Some of which interact in unexpected ways. This is a, this is a tough road and not a road that I think a priority that anyone. Was hoping to live after age, whatever. This is not their idea of healthy aging at all. That’s just, it’s just aging, right?

Howard: [00:04:13] Right. and people,  it creeps up on us. We don’t really see it because you don’t feel like you’re hypertensive. Your doctor says your blood, pressure’s a little high, so let’s, let’s put you on this. He notices you have,  a little belly fat,  you need to lose some weight, but he’s not telling you about the metabolic syndrome and everything that, that carries along with it.

Yeah, he’s not telling you you’re going to develop diabetes type two in five or six years to no. One’s telling you how this movie ends. Right. And it just slowly creeps up on you. And like, we’ve talked about with respect to COVID. We normalize that. We normalize that with tripping, that we’re weaker, that it’s harder to go upstairs, that we’re more short of breath.

Paul: [00:05:00] and you, and it’s all of a sudden in ecological terms, you  enter a different regime. I, and I was remarking this to you the other day that. I’ll go out running and I’ll go for a long trail running. And I realize I’m the only person my age. When did that happen? Right. And so you’re looking around and thinking, Oh,  look all these other people aren’t doing this.

So I have to catch up with this guy and everything else. And suddenly you realize now that I’m actually the only person like me out here, and that’s not because I’m some  super mathlete, blah, blah, blah, genetically gifted. It’s. Just I’m happened to be an addict for the sorts of things I do. And then all of a sudden you do it long enough and you notice there’s not a lot of other people doing it anymore.

And it’s a really striking a striking observation when it finally hits you see that you’re out there and it’s like, yeah, it’s just me.

Howard: [00:05:49] So what percent of your runs would you say because you want to, and what percent of your runs are because you feel you need to do this to stay healthy.

Paul: [00:06:00] I have very low on the need scale. For me, I would say I’m I’m 98% because it is who I am and what I do. And 2%, if that even means anything, because I’m trying to do it to stay fit or whatever. Yeah. So I joke what about this all the time, because I will read articles about,  how to get enough exercise and how to do this. Now, time pressures aside and I’m the first to concede that a lot of people don’t have as flexible an existence as I do. But let’s put that aside for one moment that people still struggle to find enough time or to find enough motivation is maybe a better way to put it, to get out and do stuff. And I’m at the exact opposite end. Like I literally, this morning had to remind myself that it’s not okay to go for a hard 20 K run, because I went for a really hard run yesterday. And you can’t do it again today, Paul, so don’t . And so for me, I’m at that other end of the continuum, and that’s probably in part why I’m still doing this because it’s, it’s just innate as opposed to me feeling an obligation.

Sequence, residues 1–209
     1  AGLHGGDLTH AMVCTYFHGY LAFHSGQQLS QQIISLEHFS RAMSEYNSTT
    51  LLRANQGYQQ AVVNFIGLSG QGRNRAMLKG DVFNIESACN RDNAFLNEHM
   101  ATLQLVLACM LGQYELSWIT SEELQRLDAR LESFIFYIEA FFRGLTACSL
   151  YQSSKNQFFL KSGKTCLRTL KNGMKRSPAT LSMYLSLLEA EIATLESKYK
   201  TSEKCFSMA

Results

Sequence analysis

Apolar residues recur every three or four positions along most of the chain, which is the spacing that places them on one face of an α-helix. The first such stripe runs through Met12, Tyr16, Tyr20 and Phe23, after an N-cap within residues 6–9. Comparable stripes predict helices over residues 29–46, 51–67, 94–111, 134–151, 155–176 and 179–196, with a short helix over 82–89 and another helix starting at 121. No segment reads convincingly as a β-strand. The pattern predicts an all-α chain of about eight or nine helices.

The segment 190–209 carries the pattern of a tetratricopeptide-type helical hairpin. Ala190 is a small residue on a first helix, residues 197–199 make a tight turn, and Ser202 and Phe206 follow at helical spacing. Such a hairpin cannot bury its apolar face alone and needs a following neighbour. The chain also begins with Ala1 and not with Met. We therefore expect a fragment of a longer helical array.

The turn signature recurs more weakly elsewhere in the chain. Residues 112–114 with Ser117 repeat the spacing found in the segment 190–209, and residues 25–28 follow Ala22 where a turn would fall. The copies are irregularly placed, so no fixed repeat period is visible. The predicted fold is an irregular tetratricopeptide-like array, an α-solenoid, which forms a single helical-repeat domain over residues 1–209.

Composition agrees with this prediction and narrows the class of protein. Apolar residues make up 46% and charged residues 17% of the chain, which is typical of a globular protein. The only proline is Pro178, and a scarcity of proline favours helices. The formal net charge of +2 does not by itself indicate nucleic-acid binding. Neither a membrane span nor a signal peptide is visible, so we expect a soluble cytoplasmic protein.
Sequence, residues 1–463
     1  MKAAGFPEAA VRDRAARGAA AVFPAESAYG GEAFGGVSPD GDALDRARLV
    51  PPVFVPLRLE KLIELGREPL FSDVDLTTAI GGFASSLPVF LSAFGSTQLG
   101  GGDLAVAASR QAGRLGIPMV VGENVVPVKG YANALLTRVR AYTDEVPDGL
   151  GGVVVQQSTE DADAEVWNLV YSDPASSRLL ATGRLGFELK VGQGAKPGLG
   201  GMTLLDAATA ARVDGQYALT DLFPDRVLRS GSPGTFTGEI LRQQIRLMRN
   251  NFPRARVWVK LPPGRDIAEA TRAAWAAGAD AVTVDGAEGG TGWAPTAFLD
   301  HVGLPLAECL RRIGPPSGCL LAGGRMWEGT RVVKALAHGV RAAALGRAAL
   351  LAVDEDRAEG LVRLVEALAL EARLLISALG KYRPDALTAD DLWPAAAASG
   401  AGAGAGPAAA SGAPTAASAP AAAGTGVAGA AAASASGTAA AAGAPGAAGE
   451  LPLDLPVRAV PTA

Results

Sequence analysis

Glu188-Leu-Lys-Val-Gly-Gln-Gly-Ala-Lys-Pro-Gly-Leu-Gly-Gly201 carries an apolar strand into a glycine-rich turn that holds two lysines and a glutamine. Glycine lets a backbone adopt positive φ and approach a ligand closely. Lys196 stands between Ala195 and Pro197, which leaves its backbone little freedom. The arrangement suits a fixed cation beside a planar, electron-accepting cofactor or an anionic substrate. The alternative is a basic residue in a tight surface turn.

Howard: [00:06:58] That’s great. I’m probably 75%. Love it. And 25% you just have to do it. And I wake up every morning and I see my motivations in, in the kitchen trying to cook their breakfast, and  I’m in the office. I’m seeing people and I’m looking up and I’m seeing someone they’re overweight, belly fat, visceral fat, a metabolic syndrome, four or five medications, limping around and thinking about a knee replacement. And then I look at the chart and I look at their age and they’re younger than me, or we’re the same age.

Paul: [00:07:33] Isn’t that remarkable though.

Howard: [00:07:34] it is, but it’s so troubling and I have to work hard so I’m not that person.

Paul: [00:07:41] Yeah, I ha I, you get much more directly than I do. And I, I get it more by its, by its absence that I just literally don’t see me. I’ll be out doing stuff. And I’m the only one of me doing this,  I don’t really care anymore, so it’s fine. It doesn’t make any difference, but for awhile it was when it suddenly dawned on me that you’re, you’re running with people who are 10 and 15 years younger and all these other things. It’s, it’s not that I have some  strange obsession with running with young people. There just aren’t the other ones.

Howard: [00:08:10] Right? And I fully understand that I hit the genetic lottery, right.  to a large degree, we are genetically happier, and phenotypically better expressed. but still, I. Yeah. If we let ourselves go, we will end up there quite easily.